Hudson Street is perhaps the merriest spot for outdoor dining with lots of colors, movement and even music. Cowgirl Hall of Fame is open for business in all its kitschy glory, and Filipino taqueria Flipsigi has gone all out with tables on the sidewalk, a tent in the street with rainbow banners and upbeat music playing in the background. Katana Kitten does not have outdoor seating yet, but is offering take-out cocktails and bar food. Upright Craft Beer and Cocktails is featuring a Portuguese menu in collaboration with Smorgasburg favorite Leitão. The traditional Portuguese dishes include the over-the-top Francesinha sandwich and Pasteis de Nata (custard tarts). One block west, on Greenwich Street, local favorite The Left Bank has returned with sidewalk and street seating. The restaurant’s side hustle, Poulet Sans Tete, a rotisserie chicken take-out venture kept the restaurant afloat during these past few months. Back on Hudson, Café Kitsune, ever elegant, has a number of high tops on the sidewalk, and White Horse Tavern, which already has lots of outdoor seating has added a platform on the street. Dante West Village, which had been under construction for a while, had not opened at the beginning of the week for outdoor dining, but a contributor alerted us that it did finally open on Saturday and that “it was quite a mob scene!” (The original Dante on MacDougal Street is open again with outdoor seating for Negroni fans.) Anton’s, which has one of the nicest outdoor patios in the area is also playing music, but reservations have been hard to get. Philip Marie is open for take-out and delivery, but has also set up a few chairs outside. The Bus Stop Café has always had a nice outdoor set-up which is now in full swing, and The Butcher’s Daughter and Mémé are sharing the same scaffolding but have somehow managed to make it look cheerful. Nearby, the old Mrs. Green’s space is once again showing signs of life, and according to our own WestView photographer, workmen there say the opening of Gourmet Garage in the space is now slated for October rather than August. Continuing north on Hudson, Feast on Us, usually a take-out spot, now has some outdoor tables set up.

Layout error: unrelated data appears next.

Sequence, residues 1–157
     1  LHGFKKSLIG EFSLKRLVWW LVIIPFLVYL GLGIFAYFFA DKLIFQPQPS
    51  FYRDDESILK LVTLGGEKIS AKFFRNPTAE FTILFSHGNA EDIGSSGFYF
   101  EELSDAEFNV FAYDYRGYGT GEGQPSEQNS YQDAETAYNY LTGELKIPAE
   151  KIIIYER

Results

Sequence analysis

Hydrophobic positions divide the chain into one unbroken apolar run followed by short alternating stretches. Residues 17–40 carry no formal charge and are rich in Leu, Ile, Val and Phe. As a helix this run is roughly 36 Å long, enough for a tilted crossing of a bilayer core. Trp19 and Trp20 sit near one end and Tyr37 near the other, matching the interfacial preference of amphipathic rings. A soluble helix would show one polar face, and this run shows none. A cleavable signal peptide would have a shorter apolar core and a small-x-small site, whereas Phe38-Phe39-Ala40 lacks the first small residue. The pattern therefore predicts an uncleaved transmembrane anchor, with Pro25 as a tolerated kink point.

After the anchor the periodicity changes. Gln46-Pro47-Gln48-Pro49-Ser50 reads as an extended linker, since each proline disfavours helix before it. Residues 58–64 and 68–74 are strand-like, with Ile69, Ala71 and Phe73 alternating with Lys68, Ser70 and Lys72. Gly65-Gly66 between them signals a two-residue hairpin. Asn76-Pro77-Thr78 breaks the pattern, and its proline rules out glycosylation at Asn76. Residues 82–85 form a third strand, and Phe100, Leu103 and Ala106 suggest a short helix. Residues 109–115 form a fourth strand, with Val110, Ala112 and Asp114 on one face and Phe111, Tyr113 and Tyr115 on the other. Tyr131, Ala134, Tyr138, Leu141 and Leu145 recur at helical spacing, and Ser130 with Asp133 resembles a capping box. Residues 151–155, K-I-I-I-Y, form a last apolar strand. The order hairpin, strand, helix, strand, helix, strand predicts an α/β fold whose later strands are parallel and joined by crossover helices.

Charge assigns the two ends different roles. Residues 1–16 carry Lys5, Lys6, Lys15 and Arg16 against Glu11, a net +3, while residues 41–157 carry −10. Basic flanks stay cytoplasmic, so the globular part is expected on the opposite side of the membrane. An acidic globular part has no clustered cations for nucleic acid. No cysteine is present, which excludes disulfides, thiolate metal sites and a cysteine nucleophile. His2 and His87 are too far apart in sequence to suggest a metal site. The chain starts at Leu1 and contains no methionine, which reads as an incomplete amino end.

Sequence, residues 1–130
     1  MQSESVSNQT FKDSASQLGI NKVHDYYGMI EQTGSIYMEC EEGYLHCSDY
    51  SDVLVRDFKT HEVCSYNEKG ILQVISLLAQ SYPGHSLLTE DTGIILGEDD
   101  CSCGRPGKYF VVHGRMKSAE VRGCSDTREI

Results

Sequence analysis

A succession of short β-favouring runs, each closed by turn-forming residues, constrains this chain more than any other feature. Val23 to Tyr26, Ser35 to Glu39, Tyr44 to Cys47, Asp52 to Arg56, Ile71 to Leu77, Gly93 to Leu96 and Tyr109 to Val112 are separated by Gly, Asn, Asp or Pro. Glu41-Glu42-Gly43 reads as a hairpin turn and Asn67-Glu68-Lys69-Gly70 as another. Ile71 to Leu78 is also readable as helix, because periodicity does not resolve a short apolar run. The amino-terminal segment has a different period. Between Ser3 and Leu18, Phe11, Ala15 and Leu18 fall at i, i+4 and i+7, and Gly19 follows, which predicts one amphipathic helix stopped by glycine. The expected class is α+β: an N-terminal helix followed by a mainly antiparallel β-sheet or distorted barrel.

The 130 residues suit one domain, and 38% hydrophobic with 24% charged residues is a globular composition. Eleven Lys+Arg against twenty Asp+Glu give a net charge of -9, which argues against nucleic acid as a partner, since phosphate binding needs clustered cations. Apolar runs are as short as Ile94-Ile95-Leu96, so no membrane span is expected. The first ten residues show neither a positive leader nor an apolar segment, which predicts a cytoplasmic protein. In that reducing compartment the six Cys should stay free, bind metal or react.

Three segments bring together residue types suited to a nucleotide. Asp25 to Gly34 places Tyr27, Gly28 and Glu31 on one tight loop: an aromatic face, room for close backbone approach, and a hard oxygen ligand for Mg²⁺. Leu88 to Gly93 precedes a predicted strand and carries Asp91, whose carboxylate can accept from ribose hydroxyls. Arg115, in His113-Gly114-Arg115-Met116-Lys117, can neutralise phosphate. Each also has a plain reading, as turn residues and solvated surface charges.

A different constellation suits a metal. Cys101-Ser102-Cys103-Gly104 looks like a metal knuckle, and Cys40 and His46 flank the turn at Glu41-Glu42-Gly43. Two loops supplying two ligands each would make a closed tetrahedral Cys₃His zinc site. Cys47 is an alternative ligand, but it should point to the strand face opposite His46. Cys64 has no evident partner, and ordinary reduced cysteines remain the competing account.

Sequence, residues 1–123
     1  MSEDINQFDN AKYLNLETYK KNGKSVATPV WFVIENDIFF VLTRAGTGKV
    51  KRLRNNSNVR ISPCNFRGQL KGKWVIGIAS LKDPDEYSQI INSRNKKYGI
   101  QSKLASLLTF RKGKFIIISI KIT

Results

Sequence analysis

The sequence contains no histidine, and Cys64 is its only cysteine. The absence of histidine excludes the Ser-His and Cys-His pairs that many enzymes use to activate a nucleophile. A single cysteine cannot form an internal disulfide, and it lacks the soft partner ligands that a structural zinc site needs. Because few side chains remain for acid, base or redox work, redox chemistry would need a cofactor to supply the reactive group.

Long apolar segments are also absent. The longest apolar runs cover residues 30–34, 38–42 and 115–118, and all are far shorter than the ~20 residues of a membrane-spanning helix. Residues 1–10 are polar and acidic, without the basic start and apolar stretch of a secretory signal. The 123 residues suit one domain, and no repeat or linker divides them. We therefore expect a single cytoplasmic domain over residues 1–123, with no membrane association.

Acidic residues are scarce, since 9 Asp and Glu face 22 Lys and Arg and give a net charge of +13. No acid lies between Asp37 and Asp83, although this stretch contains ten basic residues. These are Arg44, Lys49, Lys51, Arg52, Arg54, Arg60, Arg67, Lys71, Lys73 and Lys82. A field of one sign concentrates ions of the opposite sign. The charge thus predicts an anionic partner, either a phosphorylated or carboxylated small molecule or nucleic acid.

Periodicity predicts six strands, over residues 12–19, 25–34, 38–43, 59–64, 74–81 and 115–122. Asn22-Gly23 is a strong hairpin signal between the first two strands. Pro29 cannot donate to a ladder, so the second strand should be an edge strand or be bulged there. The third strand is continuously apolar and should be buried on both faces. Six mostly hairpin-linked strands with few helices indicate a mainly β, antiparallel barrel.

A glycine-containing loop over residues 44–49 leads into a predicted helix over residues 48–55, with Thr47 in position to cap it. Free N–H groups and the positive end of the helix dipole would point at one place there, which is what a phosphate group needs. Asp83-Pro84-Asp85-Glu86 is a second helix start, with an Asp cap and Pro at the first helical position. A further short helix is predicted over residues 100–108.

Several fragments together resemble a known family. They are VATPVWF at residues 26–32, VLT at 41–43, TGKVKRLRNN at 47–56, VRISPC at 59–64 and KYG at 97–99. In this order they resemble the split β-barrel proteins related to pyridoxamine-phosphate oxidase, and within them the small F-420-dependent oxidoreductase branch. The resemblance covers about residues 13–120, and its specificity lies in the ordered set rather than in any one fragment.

In the Meatpacking district, Pastis is open with sidewalk seating, and Bubby’s High Line, which has been closed since mid-March is open again. One of the rare restaurants to have opened during the pandemic is Pulkies in Chelsea Market, which is run by the folks from Creamline (which is still closed). The menu features Jewish BBQ, with emphasis on turkey preparations and Jewish-style desserts. At the moment the restaurant is featuring take-out and delivery only, with a pick-up window on 16th Street between 9th and 10th Avenues.